The theme of last night’s Founder Institute housewarming party was unicorns — specifically, unicorns barfing rainbows — and they really stuck to it.
There were small rubber unicorns by the cheese, larger unicorns hanging on light strands across the garden, rubber-ducky-style unicorns floating among the oysters in the melted ice. There was a large, realistic unicorn head on a table of rainbow lollipops and champagne, like a religious offering. A particularly angry-looking unicorn was suspended above the entrance. The dog had a unicorn horn on his collar. And the cupcakes? I can’t even.
The Founder Institute founder Adeo Ressi, a lanky, gregarious guy with a toothy smile, was leading tours of the new office. The Institute is Silicon Valley’s most aggressive attempt at building international startup incubators. It will have 100 incubators by the end of the year, and often goes where other Silicon Valley investors shy away — they’re in Colombia and Pakistan and three cities in Siberia.
Around 50,000 people have attended FI events since they opened in 2009, and about 6,000 are paying members of the space. This was the opening party for the new flagship Silicon Valley office, a former audio-speakers store on El Camino Real in downtown Palo Alto, Calif.
And it was, in many ways, the official start of a new leaf for Ressi, a colorful character who rose to prominence by encouraging founders to anonymously and often brutally rate venture capitalists with his site TheFunded. Beginning next month, Ressi the critic now becomes Ressi the investor, with a new $100 million fund called Expansive Ventures.
But first, he wanted to show me the office.
“We’re like a shitty startup that’s super big,” Ressi said in his surprisingly deep, sonorous voice. “We’re a startup, and we need to look and feel like a startup. Could we have moved into fancier places? Sure. But I’ve always wanted to show Silicon Valley we have a presence here, but we’re looking elsewhere, which is why we have the signage.”
Except I’ve been in a terrible mood,” he said, still smiling. “Because our signage guy forgot to put on the important part under Founder Institute: ‘Globalizing Silicon Valley.'”
The front of the office will be the venture fund offices; the back, with its giant floor pillows and stacks of sticky notes, will be the incubator.
Entrepreneurs in from Pakistan or Nigeria shouldn’t think about getting too comfortable in the new co-working space, though. “If you’re in the office, you fucked up,” Ressi said. “You should be out meeting Yahoo, meeting Google.”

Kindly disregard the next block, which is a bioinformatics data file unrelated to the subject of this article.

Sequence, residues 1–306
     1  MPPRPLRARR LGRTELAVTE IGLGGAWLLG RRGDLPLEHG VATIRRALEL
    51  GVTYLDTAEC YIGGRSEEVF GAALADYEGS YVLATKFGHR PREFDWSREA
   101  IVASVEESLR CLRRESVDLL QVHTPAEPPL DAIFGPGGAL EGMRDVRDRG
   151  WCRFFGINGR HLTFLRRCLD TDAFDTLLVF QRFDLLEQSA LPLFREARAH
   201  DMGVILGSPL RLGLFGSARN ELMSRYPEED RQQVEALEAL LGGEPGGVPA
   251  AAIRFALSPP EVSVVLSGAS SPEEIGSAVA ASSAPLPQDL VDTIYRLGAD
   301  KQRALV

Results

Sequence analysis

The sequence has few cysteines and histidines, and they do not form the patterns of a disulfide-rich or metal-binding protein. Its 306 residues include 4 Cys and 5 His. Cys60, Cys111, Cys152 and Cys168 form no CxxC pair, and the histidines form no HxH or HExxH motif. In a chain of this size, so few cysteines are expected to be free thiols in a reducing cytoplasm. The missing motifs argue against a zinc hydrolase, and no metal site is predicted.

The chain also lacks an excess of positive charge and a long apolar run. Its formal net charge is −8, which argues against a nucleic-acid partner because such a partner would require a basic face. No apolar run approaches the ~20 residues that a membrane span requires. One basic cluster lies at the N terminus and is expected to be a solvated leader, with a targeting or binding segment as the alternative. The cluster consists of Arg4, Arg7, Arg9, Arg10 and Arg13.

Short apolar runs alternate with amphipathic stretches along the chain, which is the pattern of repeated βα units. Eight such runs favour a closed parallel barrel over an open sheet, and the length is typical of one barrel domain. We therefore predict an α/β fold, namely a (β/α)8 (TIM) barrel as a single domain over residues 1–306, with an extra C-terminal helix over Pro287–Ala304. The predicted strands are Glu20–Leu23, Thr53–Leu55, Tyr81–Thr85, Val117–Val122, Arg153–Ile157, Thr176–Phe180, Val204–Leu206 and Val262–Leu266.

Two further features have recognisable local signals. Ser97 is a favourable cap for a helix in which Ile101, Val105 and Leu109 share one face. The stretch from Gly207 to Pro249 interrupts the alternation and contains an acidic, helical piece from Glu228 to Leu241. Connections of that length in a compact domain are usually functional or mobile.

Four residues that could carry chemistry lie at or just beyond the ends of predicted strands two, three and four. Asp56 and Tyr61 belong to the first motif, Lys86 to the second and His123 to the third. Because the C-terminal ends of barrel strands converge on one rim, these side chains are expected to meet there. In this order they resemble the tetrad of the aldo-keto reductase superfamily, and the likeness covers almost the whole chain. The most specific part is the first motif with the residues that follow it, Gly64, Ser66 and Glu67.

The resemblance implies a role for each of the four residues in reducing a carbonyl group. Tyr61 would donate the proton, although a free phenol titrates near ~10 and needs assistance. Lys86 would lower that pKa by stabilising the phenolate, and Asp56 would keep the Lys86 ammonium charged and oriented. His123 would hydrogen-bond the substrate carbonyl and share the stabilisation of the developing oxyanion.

He showed me two world maps with dots on all their locations, and said his question to founders is always, “What’s motivating you to create a company in Kabul?” Whereas many investors ask entrepreneurs to move to Silicon Valley — the better to be monitored — the mission of the Founder Institute is to help entrepreneurs build where they already are.
The maps were missing about 20 cities because Ressi had run out of dots. “More dots,” he ordered to no one in particular.
He led the way to his new office, where he poured himself some Yamazaki single-malt whiskey from his collection. His desk looked like a chrome airplane wing. His bookshelf was cluttered with items from various trips (a little bicycle made of soda cans, some Japanese toys, an official-looking Malaysian medal). He wore red wire-frame glasses and a large gold belt buckle with an octopus on it (one of many such buckles).
What’s with the unicorn theme?
“Billion-dollar companies are unicorns, they’re rare,” Ressi said. “I was fighting with my team [at Expansive Ventures], and said, if you don’t come up with a logo soon, it’s going to be a unicorn barfing on the world.”
He bought a knitted barfing unicorn on Etsy for good measure.
Aaron Patzer, the buff founder of financial planning site Mint.com, bumped into Ressi in the kitchen. Patzer had mentored Founder Institute classes in cities like Singapore, Helsinki and Amsterdam. “Here in the Valley, Y Combinator gets all the attention,” Patzer said. “Internationally, FI is untouchable. Colombia allocated $20 or $30 million to entrepreneurship, and says, ‘Ressi, you help?'”
Patzer asked if Ressi was going to the hot tub later, and Ressi seemed to answer in the affirmative. I asked where the hot tub was, and whether it was part of the office. On this, I am still unclear.
Lori Brutten, a senior adviser with the U.S. State Department, also came into the kitchen. “These guys are special,” she said. “They’re the largest idea-stage accelerator in the world. We’re mutually reinforcing.”
Outside, underneath the unicorn heads, Emily Chang, a Founder Institute alum and the co-founder of personalized health-advice site TapGenes, wasn’t too sure about the theme.
“It’s not the perfect analogy, because unicorns are mythical,” she said. “And we actually have Facebook.”
This article originally appeared on Recode.net.